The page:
All that tension and unpleasantness has paid off handsomely. "Before Today" strips away a lot of the echo-laden wooze that swathed Pink's earlier music. What emerges, glistening and majestic like a yacht through fog, often sounds like chart material. The only catch is that these would be radio smashes in 1986, or 1978, or whichever year that a particular song refers to stylistically. You can't imagine anything on the record making a dent on today's radioscape.
The title "Before Today" speaks to Pink's alienation from contemporary music. "Oh, they're all retro-licious, man," he quips of his songs. "My music is pure retro." "Before Today" is the logical extension of what Pink began with "The Doldrums" and "Worn Copy," where tracks such as "Among Dreams" and "Trepanated Earth" felt like ghost transmissions from a long-lost radio utopia. "I see it as preserving something that has died. Something that's going extinct. And just saying, 'no!' That's all it is for me, as a music lover. I like to do things that I like. And what I like is something that I don't hear."
What's odd about Ariel Pink is that the lo-fi, mumbly-vocal DIY tradition that his early music belonged to was originally vehemently opposed to the slick, big-budget AOR and '80s rock 'n' soul that he's so inspired by. Hall & Oates are a perennial touchstone, while on "Before Today" you can hear Blue Oyster Cult circa "Don't Fear the Reaper" in "Butt-house Blondies" and the Police circa "Every Breath You Take" in "Round and Round."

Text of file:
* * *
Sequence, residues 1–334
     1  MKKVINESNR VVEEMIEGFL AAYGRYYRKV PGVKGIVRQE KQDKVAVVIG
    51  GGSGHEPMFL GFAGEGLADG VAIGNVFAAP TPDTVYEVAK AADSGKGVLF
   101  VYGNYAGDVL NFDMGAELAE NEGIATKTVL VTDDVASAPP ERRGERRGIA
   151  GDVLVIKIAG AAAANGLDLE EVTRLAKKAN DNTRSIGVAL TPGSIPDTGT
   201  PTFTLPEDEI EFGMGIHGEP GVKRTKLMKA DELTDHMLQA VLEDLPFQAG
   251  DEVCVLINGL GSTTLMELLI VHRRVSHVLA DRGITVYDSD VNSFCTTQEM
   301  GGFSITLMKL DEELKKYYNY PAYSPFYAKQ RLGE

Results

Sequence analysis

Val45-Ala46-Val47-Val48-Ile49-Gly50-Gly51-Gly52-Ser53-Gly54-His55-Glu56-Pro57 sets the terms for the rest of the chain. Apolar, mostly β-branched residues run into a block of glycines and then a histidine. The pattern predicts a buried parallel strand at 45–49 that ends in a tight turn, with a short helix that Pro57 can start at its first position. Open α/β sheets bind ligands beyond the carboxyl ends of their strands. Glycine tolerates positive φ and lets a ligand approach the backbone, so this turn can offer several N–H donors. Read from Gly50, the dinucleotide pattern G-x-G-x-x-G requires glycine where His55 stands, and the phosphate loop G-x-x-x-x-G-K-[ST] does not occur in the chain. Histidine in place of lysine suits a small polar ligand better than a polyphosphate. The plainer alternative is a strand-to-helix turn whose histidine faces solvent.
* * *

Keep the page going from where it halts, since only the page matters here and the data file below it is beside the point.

More often, though, the echoes are less specific, his music like a puree of jumbled-up eras. Born in 1978, Pink belongs to the post-historical generation, shaped by the endless shuffle-mode of VH1 and classic rock radio and more recently iPod and YouTube. "We have no concept of time," he says, talking of how some people in his generation "who like '60s music, they live there forever."
With so much contemporary music, its primary emotion is directed toward other, earlier music. Pink is a scholar of the history of rock production, and his music occasionally succumbs to formalist whimsy. But his best songs are fueled by real-life emotion: the tremulous yearning of "Strange Skies," the romantic uncertainty of "Round and Round." There's darkness too, an almost exultantly bleak view of the world.
Pink's parents divorced when he was 2. There was child therapy and a difficult transition from a Jewish private school to a public junior high in Beverly Hills. His response to being "made fun of a lot, [because] I was very small" was to get into death metal. "You could say I was the equivalent of a Columbine kid, except this was before Columbine."
Being sent to Mexico for a while "cheered me up a bit" and he upgraded from death metal to Goth. In the late '90s, he attended CalArts, where he was "extremely rebellious, an affront to the art department." At the end-of-semester exhibition in 1999, Ariel's contribution was a kiosk at which he sold burned CD-Rs of "The Doldrums." "I was using music as my concept art. I was just doing music the whole time I was there."
Turbulence continued well into the 2000s, with a chaotic domestic situation and a lifestyle whose flavor is caught in the "House Arrest" anthem "Getting High in the Morning." Then, just as his career took off with the rerelease of "The Doldrums," a beloved sister suffered a terrible car crash, leaving her in a permanent vegetative state.
Perhaps because he has two sisters and because of his parents' divorce, Pink seems to identify with womankind. He has an androgynous quality reminiscent of glam icon Marc Bolan and plays with gender in his songs. Throughout the interview he threads his fingers through his long, fine hair in a nervous, girlish way. In the video for the killer tune "For Kate I Wait" from "The Doldrums," he wears a dress.